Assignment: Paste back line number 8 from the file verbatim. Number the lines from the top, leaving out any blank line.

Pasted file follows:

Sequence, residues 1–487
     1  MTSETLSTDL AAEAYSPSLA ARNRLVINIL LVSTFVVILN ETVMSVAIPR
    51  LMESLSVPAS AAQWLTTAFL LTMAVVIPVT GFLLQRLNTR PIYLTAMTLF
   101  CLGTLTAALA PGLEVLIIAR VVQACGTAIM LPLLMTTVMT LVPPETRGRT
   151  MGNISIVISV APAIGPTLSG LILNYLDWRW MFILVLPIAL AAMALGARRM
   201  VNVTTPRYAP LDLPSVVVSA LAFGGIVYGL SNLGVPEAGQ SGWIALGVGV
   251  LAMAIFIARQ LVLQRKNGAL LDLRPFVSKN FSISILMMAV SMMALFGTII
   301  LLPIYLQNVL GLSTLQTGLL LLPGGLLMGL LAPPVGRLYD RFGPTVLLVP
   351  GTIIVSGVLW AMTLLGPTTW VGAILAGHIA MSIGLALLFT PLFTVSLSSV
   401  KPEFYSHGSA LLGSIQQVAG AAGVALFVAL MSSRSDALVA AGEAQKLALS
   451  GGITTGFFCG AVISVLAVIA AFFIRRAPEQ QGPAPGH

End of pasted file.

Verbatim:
   301  LLPIYLQNVL GLSTLQTGLL LLPGGLLMGL LAPPVGRLYD RFGPTVLLVP